old piece who doesn't fit anywhere in an old puzzle
Surely we can all be forgiven for being a bit hazy about the details of things that transpired 38 years ago.
Canadian Prime Minister Pierre Trudeau exploited a little loophole in the US-Canada extradition treaty, which did not obligate Canada to return someone to the USA for an act which was a crime in the US but was not also a crime in Canada. Canada had no military draft, so "draft-dodging" wasn't a crime in Canada ... so Trudeau used that loophole to offer sanctuary to Americans facing the US draft. Thousands crossed into Canada, stayed, got jobs, raised families, eventually became Canadian citizens.
This fellow wasn't a draft-dodger, though. He was already in the US Marine Corps.
Possibly by being drafted rather than volunteering; when the Marines couldn't make their recruiting quota, they were authorized to pick new Marines from the draftees who thought they were going into the Army. Happened rarely, but it happened.
Until this week, he's been depending on luck to keep one step ahead of his old troubles.
What will happen to him?
Like land mines, wars keep on hurting and bothering and pestering and even killing and maiming people long after the peace treaty is signed. For most Americans, Vietnam is the haziest and fuzziest of memories -- or is entirely beyond the horizon of living memory.
There's no statute of limitations on desertion. He'll be tried by a Navy Court Martial, not a federal civilian court. His sentence will be determined by a panel of Navy and Marine officers; under the Uniform Code of Military Justice, he has a right to request that one or two enlisted men serve on his Court Martial.
We used to say:
Military Justice is to Justice
as Military Music is to Music.
as Military Music is to Music.
As the story hints, the military always recognizes a continuing internal obligation to discourage servicemen and servicewomen in current wars from deserting when they face shipment to combat. Commanders will feel strongly that they need to sentence him to a long term, probably the US military prison in Leavenworth, Kansas.
It's very unlikely the Canadian government will put up a fight for him. To get Canadian citizenship, he almost certainly lied when he applied.
An imaginary dotted line, a long-ago war just as failed and sucky as Iraq that almost nobody remembers.
Only government computers never forget. Only governments never forgive.
Vleeptron has previously run stories about military personnel in this war who've begun deserting to Canada.
If they're lucky, they might not get caught until 2044. Halley's Comet will be back in 2063. He's an old piece from an old puzzle that doesn't fit anywhere. But shortly he'll be crammed into it.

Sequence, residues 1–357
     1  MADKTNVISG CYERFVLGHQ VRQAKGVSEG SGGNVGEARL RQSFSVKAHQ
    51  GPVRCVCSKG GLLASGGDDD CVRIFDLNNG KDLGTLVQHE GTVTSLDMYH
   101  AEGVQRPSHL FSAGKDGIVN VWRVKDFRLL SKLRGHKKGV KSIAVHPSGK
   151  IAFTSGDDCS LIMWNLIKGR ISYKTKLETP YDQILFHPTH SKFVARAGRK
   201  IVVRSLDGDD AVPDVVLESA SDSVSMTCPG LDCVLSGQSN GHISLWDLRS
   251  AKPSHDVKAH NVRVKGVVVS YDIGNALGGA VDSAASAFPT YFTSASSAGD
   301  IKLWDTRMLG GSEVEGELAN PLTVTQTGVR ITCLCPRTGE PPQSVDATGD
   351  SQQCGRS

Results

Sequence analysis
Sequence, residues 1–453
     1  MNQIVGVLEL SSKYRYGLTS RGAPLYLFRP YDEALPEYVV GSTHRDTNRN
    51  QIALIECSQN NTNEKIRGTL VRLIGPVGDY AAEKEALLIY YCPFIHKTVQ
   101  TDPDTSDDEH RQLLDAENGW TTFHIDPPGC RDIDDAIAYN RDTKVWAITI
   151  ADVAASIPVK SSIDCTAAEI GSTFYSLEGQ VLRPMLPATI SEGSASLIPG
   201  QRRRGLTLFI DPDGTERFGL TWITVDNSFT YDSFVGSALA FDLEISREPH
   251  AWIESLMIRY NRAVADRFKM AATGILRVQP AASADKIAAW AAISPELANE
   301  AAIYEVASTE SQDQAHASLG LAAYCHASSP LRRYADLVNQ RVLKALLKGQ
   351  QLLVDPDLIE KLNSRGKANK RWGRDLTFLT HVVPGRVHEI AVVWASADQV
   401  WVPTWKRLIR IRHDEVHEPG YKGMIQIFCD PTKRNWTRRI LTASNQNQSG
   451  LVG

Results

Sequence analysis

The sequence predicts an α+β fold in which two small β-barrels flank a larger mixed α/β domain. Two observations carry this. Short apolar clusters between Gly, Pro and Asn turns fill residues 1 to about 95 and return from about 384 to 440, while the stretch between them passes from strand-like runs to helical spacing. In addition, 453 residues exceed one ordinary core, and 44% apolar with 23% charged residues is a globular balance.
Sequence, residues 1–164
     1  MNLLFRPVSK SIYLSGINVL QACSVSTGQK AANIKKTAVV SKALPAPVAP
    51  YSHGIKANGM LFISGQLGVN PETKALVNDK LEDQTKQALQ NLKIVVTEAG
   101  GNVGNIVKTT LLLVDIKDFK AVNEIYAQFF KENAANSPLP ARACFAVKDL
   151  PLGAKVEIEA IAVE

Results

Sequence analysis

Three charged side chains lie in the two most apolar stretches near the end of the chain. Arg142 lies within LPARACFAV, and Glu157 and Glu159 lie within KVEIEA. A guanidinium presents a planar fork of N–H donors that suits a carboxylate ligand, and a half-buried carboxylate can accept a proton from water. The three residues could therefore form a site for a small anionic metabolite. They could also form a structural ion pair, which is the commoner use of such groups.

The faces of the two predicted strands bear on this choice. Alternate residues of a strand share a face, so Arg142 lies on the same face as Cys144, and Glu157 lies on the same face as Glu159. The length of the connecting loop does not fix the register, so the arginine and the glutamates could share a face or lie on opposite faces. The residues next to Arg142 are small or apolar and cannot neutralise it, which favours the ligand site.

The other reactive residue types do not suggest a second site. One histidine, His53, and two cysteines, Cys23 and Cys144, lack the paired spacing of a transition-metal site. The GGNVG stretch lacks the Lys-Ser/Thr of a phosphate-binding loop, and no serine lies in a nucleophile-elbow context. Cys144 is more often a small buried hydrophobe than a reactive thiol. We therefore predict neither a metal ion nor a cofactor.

CBC / Canadian Broadcasting Corporation
Sunday 23 March 2006
U.S. Marines in 1968
A British Columbian man spent the weekend detained at a military base in California after being arrested for deserting the U.S. Marine Corps four decades ago during the Vietnam War.
Allen Abney, who was born in the United States but became a Canadian citizen in 1977, was arrested at a border crossing on Thursday while trying to enter Idaho from southeastern British Columbia.
Abney, 56, lives in Kingsgate in British Columbia's East Kootenay region, in a house about 100 metres from the Canada-U.S. border.
He and his wife were on their way for a holiday in Reno, Nevada, when U.S. officials accused him of desertion and took him into custody.
In 1968, Abney was a 19-year-old Marine when he fled to Canada because he didn't want to fight in Vietnam.
He is the third Marine from the Vietnam era to be arrested this month, and Toronto lawyer Jeffrey House believes the marines are trying to make examples of deserters to discourage those who might think of avoiding the Iraq war.
"They've got 8,000 deserters from the Iraq war, those are the official numbers, and my take on it is they are trying to send a message to Marines who are actually in the forces now that they will never be forgiven," he said.
Charges on desertion can result in penalties ranging from a dishonorable discharge from the U.S. military to a court martial and possible jail sentence.
U.S. military 'not saying anything,' Abney's wife says
His wife, Adrienne, said Abney was being held in a military prison at Camp Pendleton, California.
"They're not saying anything to him yet," she told CBC News.
"I talked to him twice on Friday, just very briefly. He's in the brig."
Arrest came during routine crossing
Abney's wife said the trouble began when their passports were checked during a routine border crossing.
"After running them through some computer, they said we'd have to come inside," she said.
"They took Allen away into a room and locked him up."
Then customs officials confiscated several of Abney's personal items, she said.
"They took his belt, his suspenders, shoes, his wallet, his glasses, everything."
Abney said her husband's case has come to the attention of Lynn Gonzalez, a counsellor with the San Diego Military Counseling Project.
The group's website explains that it offers support to "active duty folks and their families who are having problems within the military."
Abney said Gonzalez is keeping in touch with her about the case.
"She phoned me yesterday and said, basically he's all right," she said.
"We're just waiting to hear what they are going to do."
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